Du Bois pioneered sociology, not statistics. Means of visualising data had entered academia more than a century before, through the biographical experiments of Joseph Priestly. His timeline charts of people’s lives and relative lifespans had proved popular, inspiring William Playfair’s invention of the bar chart. Playfair, an engineer and political economist, published his Commercial and Political Atlas in London in 1786. It was the first major work to contain statistical graphs. More to the point, it was the first time anyone had tried to visualise an entire nation’s economy.

Statistics and their graphic representation were quickly established as an essential, if specialised, component of modern government. There was no going back. Metrics are a self-fertilising phenomenon. Arguments over figures, and over the meaning of figures, can only generate more figures. The French civil engineer Charles Joseph Minard used charts in the 1840s to work out how to monetise freight on the newfangled railroads, then, in retirement, and for a hobby, used two colours and six dimensions of data to visualise Napoleon’s invasion and retreat during the 1812 campaign of Russia.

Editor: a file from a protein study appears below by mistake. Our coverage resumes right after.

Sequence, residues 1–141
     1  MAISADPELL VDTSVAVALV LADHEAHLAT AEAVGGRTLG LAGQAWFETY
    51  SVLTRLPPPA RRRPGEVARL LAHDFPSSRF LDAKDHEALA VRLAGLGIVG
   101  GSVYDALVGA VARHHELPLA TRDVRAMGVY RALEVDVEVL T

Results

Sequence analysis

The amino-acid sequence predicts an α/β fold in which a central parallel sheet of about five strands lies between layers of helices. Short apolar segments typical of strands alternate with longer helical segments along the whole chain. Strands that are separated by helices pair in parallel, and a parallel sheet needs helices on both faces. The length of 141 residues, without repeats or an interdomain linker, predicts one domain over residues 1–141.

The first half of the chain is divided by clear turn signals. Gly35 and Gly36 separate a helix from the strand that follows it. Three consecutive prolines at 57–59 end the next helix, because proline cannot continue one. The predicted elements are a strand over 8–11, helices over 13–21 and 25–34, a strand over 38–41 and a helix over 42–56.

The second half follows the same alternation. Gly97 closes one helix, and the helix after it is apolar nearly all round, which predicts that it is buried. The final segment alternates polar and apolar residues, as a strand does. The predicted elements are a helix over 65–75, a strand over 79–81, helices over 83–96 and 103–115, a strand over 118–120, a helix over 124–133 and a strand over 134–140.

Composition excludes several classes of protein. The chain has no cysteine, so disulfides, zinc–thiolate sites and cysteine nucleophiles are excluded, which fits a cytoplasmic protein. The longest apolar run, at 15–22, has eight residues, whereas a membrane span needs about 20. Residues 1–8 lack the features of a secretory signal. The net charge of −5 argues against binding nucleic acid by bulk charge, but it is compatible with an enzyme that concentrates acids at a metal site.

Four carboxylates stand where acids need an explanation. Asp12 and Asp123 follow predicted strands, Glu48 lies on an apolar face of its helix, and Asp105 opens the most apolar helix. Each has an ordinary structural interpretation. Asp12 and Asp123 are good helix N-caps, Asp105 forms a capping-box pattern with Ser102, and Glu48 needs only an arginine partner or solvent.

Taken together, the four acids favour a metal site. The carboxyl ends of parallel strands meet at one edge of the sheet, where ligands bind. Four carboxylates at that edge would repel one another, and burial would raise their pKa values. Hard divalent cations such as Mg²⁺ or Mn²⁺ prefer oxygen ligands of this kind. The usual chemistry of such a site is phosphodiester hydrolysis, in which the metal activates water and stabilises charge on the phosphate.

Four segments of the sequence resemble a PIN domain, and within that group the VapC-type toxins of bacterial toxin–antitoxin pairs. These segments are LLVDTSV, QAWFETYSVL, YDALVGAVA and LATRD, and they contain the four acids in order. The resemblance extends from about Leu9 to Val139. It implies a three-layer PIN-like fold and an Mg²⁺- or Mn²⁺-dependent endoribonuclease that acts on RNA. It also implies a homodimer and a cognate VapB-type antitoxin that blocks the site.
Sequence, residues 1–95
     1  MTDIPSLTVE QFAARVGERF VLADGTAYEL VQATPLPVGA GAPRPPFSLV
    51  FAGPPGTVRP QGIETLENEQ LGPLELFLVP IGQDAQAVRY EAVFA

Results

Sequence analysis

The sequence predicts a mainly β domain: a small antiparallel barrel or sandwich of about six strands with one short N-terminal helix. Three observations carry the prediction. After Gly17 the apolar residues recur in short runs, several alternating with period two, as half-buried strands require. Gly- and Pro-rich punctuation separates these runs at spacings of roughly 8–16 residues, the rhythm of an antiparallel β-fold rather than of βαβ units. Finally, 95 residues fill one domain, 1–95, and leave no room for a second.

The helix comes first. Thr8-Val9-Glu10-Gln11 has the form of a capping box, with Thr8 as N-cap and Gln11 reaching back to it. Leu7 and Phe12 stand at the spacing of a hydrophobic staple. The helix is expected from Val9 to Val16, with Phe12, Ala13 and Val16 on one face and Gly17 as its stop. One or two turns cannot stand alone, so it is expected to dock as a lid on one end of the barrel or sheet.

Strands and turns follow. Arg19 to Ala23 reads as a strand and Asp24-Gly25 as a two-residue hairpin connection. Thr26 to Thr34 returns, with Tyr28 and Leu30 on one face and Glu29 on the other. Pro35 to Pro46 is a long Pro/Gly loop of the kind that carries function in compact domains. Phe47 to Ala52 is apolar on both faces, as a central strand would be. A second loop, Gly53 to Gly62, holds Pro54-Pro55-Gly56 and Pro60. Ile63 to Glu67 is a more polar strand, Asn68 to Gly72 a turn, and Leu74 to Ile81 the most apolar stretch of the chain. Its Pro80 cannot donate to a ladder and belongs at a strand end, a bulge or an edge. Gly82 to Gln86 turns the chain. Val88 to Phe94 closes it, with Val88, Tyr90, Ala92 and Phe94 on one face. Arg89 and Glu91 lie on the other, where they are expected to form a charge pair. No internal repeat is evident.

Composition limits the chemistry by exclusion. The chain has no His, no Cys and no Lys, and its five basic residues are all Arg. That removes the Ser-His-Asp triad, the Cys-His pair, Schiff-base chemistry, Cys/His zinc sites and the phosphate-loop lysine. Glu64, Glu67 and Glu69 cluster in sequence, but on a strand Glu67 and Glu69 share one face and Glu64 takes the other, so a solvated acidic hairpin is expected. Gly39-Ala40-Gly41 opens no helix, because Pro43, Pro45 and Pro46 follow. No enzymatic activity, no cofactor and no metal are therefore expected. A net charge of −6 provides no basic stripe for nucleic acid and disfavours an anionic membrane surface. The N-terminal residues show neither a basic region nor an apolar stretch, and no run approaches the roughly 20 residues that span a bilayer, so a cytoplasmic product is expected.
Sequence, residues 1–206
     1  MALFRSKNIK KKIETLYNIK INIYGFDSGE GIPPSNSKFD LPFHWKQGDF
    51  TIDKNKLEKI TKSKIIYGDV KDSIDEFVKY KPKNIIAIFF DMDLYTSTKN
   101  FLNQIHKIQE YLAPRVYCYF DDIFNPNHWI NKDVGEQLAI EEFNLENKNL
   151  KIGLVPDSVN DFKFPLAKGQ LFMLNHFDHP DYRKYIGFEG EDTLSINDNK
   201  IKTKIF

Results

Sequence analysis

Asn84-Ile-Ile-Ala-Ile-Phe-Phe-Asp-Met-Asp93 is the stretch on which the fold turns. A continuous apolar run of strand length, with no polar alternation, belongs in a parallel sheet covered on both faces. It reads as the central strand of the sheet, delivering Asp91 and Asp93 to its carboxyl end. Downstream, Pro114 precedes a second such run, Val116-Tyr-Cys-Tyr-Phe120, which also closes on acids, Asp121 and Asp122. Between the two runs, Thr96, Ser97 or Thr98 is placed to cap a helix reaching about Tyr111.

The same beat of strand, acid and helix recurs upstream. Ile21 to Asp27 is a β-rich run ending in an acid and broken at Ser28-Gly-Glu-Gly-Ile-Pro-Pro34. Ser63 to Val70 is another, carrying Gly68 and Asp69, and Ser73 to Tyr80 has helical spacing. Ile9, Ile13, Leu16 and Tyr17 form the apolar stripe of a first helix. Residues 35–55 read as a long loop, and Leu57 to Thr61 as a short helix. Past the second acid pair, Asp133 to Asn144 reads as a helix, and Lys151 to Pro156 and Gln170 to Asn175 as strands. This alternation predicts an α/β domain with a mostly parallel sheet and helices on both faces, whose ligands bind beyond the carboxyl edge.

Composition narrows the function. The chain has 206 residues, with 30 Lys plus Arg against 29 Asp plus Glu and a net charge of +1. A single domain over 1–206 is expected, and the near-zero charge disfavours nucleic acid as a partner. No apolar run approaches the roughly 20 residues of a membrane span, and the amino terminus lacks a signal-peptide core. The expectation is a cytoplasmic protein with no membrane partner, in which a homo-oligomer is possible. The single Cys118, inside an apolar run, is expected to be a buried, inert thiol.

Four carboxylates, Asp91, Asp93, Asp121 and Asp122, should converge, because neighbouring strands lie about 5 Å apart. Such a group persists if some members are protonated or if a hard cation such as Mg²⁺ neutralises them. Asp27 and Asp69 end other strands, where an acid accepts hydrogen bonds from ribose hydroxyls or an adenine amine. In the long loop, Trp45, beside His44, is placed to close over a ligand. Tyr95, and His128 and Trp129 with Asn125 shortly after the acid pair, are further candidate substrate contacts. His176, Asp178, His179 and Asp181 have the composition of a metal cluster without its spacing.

And where society leads, science follows. John Snow founded modern epidemiology when his annotated map revealed the source of an outbreak of cholera in London’s Soho. English nurse Florence Nightingale used information graphics to persuade Queen Victoria to improve conditions in military hospitals.

Rightly, we care about how accurate or misleading infographics can be. But let’s not forget that they should be beautiful. The whole point of an infographic is, after all, to capture attention. Last year, the House of Illustration ran a tremendous exhibition of the work of Marie Neurath who, with her husband Otto, dreamt up a way of communicating, without language, by means of a system of universal symbols. ‘Words divide, pictures unite’ was the slogan over the door of their Viennese design institute. The couple’s aspirations were as high-minded as their output was charming. The Neurath stamp can be detected, not just in kids’ picture books, but across our entire designscape.